Sunday May 31

Everybody's Business: The Ambivalent Crackdown on Wells Fargo

It took three years but federal prosecutors and bank regulators finally took action in one of the most egregious corporate scandals in recent years: the scheme by which Wells Fargo created millions of bogus accounts to extract millions of dollars of illicit fees from its customers.

The approaches taken by different agencies illustrate the uncertainty within the federal government on how to deal with major corporate wrongdoers.

On the encouraging side, the Office of the Comptroller of the Currency, an arm of the Treasury Department not known for aggressive action, got relatively tough with the former chief executive of Wells by personally fining him $17.5 million – the largest penalty OCC has ever imposed on an individual – and banning him for life from the banking industry. The agency also penalized two other former senior officials at Wells Fargo and charged five others. Among those five was the former head of retail banking at Wells, against whom OCC proposed a penalty of $25 million.

OCC’s severity may have something to do with the fact that the agency’s posture toward Wells had become the subject of an investigation by the Treasury inspector general. That inquiry was expected to address the failure of the agency to pursue complaints it had received about abusive practices at Wells long before the sham-account scandal erupted in 2016. The agency admitted this lapse in an unflattering report about its conduct released in 2017.

Along with the announcement of its actions against former Wells executives, OCC released a 100-page Notice which reads like an indictment. It argues that for more than a decade the bank maintained a business model that pressured employees to engage in “serious misconduct” by imposing “intentionally unreasonable sales goals” and “fostered an atmosphere that perpetuated improper and illegal conduct.”

The document relates in detail how that pressure worked to the detriment both of the customers who were being defrauded and the bank’s lower level employees. Those employees were turned into accomplices in a corrupt scheme described by the document as “immense” in magnitude.

That depiction was echoed a few weeks later when the Justice Department announced the resolution of its investigation of Wells. DOJ’s press release was accompanied by a 16-page summary of the bank’s abuses, including the adoption of “onerous sales goals” that led thousands of its employees to engage in “unlawful conduct to attain sales through fraud, identity theft, and the falsification of bank records.”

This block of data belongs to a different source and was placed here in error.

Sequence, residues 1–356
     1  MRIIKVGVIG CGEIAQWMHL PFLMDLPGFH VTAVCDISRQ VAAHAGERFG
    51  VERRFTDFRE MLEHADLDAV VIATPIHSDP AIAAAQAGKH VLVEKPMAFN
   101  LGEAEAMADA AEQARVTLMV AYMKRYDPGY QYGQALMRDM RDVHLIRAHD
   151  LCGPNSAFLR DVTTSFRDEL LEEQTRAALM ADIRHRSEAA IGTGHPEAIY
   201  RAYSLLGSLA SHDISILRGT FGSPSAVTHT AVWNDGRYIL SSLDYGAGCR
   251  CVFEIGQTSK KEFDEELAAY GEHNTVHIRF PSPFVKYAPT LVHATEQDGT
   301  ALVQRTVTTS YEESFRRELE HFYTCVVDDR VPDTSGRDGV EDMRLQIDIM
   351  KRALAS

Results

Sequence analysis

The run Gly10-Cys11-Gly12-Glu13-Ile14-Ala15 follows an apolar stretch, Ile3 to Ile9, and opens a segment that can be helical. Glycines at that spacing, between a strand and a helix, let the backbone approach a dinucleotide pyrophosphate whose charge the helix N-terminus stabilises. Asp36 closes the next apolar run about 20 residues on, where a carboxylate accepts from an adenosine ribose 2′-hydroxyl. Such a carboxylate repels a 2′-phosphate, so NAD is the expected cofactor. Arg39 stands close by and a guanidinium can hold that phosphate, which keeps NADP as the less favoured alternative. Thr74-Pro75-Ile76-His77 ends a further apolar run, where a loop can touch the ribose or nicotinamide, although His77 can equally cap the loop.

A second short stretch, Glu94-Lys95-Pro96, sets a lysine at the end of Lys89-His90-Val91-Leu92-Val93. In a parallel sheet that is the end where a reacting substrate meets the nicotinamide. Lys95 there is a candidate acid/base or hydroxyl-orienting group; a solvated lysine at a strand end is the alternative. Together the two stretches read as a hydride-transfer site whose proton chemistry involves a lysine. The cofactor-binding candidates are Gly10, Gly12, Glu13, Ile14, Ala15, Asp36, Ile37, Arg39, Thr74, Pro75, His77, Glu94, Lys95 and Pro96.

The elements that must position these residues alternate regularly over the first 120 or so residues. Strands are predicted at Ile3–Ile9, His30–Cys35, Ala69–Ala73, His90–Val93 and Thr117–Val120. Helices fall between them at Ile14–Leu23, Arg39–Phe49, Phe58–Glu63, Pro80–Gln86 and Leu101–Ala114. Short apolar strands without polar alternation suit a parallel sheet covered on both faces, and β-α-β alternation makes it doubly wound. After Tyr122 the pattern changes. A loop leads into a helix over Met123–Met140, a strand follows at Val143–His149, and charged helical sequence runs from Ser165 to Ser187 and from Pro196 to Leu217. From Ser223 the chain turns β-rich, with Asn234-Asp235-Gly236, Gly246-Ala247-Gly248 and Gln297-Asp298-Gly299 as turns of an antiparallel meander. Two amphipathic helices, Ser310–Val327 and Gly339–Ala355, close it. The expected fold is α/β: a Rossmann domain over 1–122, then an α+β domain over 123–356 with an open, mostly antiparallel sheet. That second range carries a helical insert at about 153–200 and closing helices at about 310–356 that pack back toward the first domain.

Despite these allegations, DOJ decided not to file criminal charges against any senior executives at the bank. Instead, it resolved both criminal and civil allegations with a monetary penalty of $3 billion, which was not insignificant but was not too much of a burden for a bank whose profits in 2019 exceeded $19 billion.

Moreover, the impact of the criminal portion of the case was diminished by the inclusion of a deferred prosecution agreement (DPA) rather than the filing of any actual charges. This overused gimmick (like its evil twin, the non-prosecution agreement) allows DOJ to give the impression it is being tough with corporate bad actors while actually failing to do so.

In its press release on the Wells case, DOJ tried to justify the use of the DPA by noting factors such as the bank’s cooperation with the investigation. Yet it also cited “prior settlements in a series of regulatory and civil actions.”

How are the bank’s prior bad acts, which according to Violation Tracker have resulted in more than $17 billion in penalties, an argument for leniency? If anything, they militate against the use of a DPA, which was originally meant to provide an incentive for a company caught up in a single case of misconduct to return to the straight and narrow.

Wells Fargo, in fact, was the recipient, via its acquisition Wachovia, of a previous DPA in 2010 for anti-money-laundering deficiencies as well as a 2011 non-prosecution agreement in connection with municipal bond bid-rigging. Those deals do not appear to have had much of a beneficial effect on the ethical climate at the bank.

Behavior of the kind exhibited by Wells calls for tougher penalties. In 2018 the Federal Reserve took a step in that direction by barring Wells from growing any larger until it cleaned up its business practices. The agency also announced that the bank had been pressured to replace four members of its board of directors.

Meanwhile, the Justice Department continues to rely on prosecutorial approaches that have done little to stem the ongoing wave of corporate criminality.

PHILIP MATTERA heads the Corporate Research Project in Washington, DC, and writes the blog Dirt Diggers Digest.

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